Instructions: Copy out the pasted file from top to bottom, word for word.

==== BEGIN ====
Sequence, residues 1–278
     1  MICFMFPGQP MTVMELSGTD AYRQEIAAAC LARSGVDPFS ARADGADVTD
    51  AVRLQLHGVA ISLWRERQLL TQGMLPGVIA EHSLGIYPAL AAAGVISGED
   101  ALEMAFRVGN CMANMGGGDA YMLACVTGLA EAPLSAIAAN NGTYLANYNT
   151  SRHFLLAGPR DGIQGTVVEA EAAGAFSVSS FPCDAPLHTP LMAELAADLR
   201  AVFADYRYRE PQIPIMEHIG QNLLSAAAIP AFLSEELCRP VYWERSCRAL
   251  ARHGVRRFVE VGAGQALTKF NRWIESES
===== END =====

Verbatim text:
Sequence, residues 1–278
     1  MICFMFPGQP MTVMELSGTD AYRQEIAAAC LARSGVDPFS ARADGADVTD
    51  AVRLQLHGVA ISLWRERQLL TQGMLPGVIA EHSLGIYPAL AAAGVISGED
   101  ALEMAFRVGN CMANMGGGDA YMLACVTGLA EAPLSAIAAN NGTYLANYNT
   151  SRHFLLAGPR DGIQGTVVEA EAAGAFSVSS FPCDAPLHTP LMAELAADLR
   201  AVFADYRYRE PQIPIMEHIG QNLLSAAAIP AFLSEELCRP VYWERSCRAL
   251  ARHGVRRFVE VGAGQALTKF NRWIESES